Trigeminal neuralgia is a disorder that affects the trigeminal nerve, which runs from the jaw into the face. In trigeminal neuralgia, the nerve function is disrupted. This can cause attacks of mild or intense pain in the cheek, jaw, teeth, gums, lips or even the eye and forehead. The attacks can happen spontaneously or are triggered by mild stimulation to the face such as shaving, smiling, eating, or brushing your teeth. Attacks may initially be occasional twinges of mild pain but as trigeminal neuralgia progresses there may be longer, more frequent bouts of severe, shooting or jabbing pain like an electric shock. Episodes of frequent attacks can last days, weeks, months or longer, and there can be periods where no pain is experienced.
Trigeminal neuralgia is often a problem of pressure being put on the nerve, usually from an enlarged artery adjacent to the nerve, but in some cases it may be due to a tumor compressing the nerve. In other cases it can be related to multiple sclerosis or a similar disorder that causes damage to certain nerves. In many people who have suffered from shingles, trigeminal neuralgia can be a result of the virus, along with nerve pain in other areas of the body. Trigeminal neuralgia can occur as a result of aging, or in other cases, a cause cannot be found. It occurs in women more often than men, and is more likely to occur in people over the age of 50.
There are a variety of treatments that may be used in Western medicine for trigeminal neuralgia. Medications are usually the first treatment, such as anti-convulsants or muscle relaxing medications. However, over time, some people with the disorder may stop responding to medications or experience unpleasant side effects. In these cases, injections to numb the nerve or surgery to relieve the pressure on the nerve may be considered.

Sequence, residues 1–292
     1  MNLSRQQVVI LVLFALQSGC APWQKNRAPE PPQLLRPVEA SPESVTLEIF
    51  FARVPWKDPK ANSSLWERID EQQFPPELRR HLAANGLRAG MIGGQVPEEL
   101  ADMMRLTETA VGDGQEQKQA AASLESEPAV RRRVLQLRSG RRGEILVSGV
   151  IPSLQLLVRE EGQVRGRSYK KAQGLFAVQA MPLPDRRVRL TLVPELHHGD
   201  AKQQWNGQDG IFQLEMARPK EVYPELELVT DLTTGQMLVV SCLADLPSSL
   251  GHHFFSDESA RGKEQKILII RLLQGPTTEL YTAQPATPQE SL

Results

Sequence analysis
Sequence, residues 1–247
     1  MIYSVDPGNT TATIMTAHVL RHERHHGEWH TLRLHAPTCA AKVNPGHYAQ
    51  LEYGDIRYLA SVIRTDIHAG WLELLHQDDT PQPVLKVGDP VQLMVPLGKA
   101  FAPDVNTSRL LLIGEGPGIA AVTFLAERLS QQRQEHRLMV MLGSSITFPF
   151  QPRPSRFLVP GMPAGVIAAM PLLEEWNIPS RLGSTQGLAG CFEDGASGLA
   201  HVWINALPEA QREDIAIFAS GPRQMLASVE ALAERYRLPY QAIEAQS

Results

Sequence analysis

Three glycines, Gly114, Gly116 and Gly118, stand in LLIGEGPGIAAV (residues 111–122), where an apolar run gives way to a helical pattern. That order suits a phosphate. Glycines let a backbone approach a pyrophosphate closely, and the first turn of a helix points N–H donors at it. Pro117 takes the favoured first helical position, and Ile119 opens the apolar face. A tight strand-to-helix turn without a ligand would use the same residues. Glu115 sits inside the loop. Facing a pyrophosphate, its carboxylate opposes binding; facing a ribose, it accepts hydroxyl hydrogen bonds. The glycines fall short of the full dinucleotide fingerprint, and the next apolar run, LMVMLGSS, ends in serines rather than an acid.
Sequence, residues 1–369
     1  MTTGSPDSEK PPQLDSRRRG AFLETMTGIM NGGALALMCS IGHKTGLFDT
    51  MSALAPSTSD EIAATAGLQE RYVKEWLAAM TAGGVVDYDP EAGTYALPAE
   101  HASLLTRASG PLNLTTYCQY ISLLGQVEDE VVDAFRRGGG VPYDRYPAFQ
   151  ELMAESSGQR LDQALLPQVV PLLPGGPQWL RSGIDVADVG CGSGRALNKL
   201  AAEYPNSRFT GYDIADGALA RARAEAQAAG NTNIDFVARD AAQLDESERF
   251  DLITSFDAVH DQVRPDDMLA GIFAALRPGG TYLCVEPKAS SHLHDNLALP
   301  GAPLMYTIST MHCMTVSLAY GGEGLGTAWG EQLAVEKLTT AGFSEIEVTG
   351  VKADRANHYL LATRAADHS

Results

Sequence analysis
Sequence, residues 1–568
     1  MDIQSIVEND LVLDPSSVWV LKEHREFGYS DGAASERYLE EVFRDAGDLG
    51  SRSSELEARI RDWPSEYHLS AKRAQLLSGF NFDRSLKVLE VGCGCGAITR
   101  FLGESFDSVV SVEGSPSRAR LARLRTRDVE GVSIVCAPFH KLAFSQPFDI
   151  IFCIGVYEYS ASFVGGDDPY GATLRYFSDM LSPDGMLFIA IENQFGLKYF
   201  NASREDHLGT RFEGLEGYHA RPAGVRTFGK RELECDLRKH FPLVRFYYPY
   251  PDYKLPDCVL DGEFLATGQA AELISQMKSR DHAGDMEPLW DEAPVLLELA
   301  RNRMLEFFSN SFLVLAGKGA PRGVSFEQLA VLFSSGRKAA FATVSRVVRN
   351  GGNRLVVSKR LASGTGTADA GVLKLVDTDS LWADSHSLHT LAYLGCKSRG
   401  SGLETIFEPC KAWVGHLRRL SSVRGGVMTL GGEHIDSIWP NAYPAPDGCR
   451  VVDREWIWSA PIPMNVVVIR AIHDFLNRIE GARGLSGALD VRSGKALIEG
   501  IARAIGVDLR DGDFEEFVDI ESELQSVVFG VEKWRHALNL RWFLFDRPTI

Acupuncture is an option well worth considering for trigeminal neuralgia. Studies in recent years have shown the positive effects of acupuncture for nerve disorders, and the World Health Organization lists acupuncture as a viable treatment for trigeminal neuralgia. From a Chinese medicine perspective, trigeminal neuralgia has two main causes. The first is over-exposure to cold and wind, causing an obstruction of the blood and qi-energy in the meridians of the face, leading to sudden attacks of facial pain and spasms of the facial muscles, symptoms which are aggravated by cold and relieved by heat. The attacks may be accompanied by runny nose and excess salivation. The second cause is due to internal factors, mainly an imbalance of liver and stomach energy, causing sudden attacks of facial pain with more of a burning sensation, accompanied by bloodshot eyes, tearing of the eyes, thirst, and irritability. In this case, the condition may develop as a result of lifestyle and dietary habits which over time may lead to an internal imbalance.
In either case, acupuncture can be remarkably effective in alleviating facial pain without side effects. Treatments help to improve circulation to relieve pain and irritation of the trigeminal nerve. Acupuncture can help to relieve the symptoms during a flare-up and may also promote better functioning of the trigeminal nerve so that flare-ups are less likely to occur or are more mild when they do occur. Indeed, acupuncture is shown to be a great option for trigeminal neuralgia, and can help you regain your lifestyle and live free of pain.
James Kaufman is a Registered Acupuncturist at Okanagan Acupuncture Centre, 1625 Ellis St, Kelowna, BC.